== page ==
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Posted by Brother None

Fallout 3 Point Lookout Review

Written by Michael Grizzly

Point Lookout is the fourth add-on for Fallout 3, released by Bethesda Softworks. Like the name suggests, it features a segment of the Point Lookout State Park in Maryland, southeast of Washington DC, the Capital Wasteland. It's a significant departure from Fallout's usual theme, featuring a lush yet horribly irradiated swampland instead of a barren, irradiated wasteland. But is the change of setting enough to make it a worthwhile add-on?


Despite the ancient engine, Point Lookout manages to look good. The wetlands are rendered well, with appropriate amounts of muck, water and decay, while buildings standing across Point Lookout are, for the most part, exclusive to the add-on and fit in with the aesthetic of a postapocalyptic swamp just fine. The look is one of the greatest strengths of this addon, as from Turtledove Detention Camp to Pilgrim's Landing, from the Ark & Dove Cathedral to St. Aubin Medical Facility, the style remains coherent and the buildings memorable, especially the medical facility with it's sterile tiles and eerie cleanliness.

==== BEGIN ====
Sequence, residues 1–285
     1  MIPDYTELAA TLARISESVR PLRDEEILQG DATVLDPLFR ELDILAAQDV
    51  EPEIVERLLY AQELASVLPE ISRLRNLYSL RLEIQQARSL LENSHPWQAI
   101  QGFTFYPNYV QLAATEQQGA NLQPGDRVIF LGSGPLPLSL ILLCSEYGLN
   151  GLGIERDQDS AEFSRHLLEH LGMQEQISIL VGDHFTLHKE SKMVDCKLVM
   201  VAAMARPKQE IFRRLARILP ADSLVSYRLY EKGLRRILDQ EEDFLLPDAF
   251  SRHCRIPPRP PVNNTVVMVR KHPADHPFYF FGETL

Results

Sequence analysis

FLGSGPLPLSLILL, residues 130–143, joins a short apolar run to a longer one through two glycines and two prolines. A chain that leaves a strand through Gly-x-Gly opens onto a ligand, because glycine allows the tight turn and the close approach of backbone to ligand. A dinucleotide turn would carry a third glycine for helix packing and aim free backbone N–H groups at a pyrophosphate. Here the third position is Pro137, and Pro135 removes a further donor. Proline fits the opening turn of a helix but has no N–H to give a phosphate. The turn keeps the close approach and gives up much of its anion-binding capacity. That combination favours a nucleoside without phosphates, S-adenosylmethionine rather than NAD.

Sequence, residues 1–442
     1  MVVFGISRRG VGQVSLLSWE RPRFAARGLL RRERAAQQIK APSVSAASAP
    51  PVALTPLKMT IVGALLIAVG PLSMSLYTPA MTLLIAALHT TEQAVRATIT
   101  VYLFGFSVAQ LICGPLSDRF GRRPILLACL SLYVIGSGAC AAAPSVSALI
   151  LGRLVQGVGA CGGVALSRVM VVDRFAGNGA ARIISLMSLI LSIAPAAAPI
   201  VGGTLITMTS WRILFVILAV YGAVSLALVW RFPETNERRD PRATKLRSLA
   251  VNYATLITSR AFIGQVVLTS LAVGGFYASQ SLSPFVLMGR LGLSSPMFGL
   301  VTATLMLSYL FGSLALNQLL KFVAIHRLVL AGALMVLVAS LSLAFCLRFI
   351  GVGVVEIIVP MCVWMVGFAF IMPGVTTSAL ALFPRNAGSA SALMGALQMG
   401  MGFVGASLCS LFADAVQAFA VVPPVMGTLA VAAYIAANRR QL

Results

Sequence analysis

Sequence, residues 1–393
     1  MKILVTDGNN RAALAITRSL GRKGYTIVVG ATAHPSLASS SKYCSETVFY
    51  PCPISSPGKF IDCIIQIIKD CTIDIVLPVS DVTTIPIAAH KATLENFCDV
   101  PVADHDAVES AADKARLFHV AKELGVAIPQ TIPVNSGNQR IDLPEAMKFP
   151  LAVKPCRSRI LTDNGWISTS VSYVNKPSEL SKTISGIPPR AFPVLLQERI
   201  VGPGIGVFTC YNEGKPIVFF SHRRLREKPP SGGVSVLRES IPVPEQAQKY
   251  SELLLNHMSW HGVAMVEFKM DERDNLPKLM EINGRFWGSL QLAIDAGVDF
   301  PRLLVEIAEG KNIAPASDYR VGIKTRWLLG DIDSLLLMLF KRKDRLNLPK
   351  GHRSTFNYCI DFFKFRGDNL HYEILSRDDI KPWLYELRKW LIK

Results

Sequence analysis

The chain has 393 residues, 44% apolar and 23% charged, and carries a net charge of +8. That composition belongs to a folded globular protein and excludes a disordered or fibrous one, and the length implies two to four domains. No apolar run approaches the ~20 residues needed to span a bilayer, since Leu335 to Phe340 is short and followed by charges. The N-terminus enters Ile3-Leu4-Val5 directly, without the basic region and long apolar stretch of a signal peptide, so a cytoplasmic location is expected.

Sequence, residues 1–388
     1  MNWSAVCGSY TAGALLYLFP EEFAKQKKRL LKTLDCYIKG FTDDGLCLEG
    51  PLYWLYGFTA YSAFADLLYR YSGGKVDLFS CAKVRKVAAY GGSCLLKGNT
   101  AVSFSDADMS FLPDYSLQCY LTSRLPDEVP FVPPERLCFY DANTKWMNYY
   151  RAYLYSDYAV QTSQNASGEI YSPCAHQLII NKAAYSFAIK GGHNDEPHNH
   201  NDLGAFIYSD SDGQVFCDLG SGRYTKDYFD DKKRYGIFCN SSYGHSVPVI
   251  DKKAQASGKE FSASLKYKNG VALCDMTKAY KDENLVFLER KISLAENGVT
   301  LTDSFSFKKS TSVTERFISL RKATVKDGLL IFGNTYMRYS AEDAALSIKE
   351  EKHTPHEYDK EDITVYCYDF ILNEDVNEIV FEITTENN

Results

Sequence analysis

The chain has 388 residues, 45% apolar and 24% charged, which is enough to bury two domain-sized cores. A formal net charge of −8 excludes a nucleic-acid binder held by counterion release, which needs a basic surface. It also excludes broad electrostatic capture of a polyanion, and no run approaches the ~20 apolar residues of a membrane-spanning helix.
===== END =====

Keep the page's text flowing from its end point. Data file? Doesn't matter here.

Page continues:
The handful of new enemies, namely, the swampfolk, are rendered well too, with hideous deformities, worn clothing and that particular irradiated inbred hick quality creating the image of someone you really don't want to meet on a canoe trip. However, their looks are about the only good thing (if you can call being ugly beyond measure good) that can be said about them, as the animations are just downright horrible. If Fallout 3's animations made you cringe, the swampfolk will quite likely make you cry. Stiff, awkward and for the most part hilarious, the way the hillbillies move undermines any and all attempt at making them fearsome.

The reclusive hicks are the only completely new adversaries. Swamplurks, Swamp Ghouls and Tribals are just reskinned creatures and characters from vanilla Fallout 3 and while they look very good, one can't help but wish that Bethesda put a little more effort into bringing the swamps to life and create some more unique creatures, rather than reuse existing assets splashed with new paint.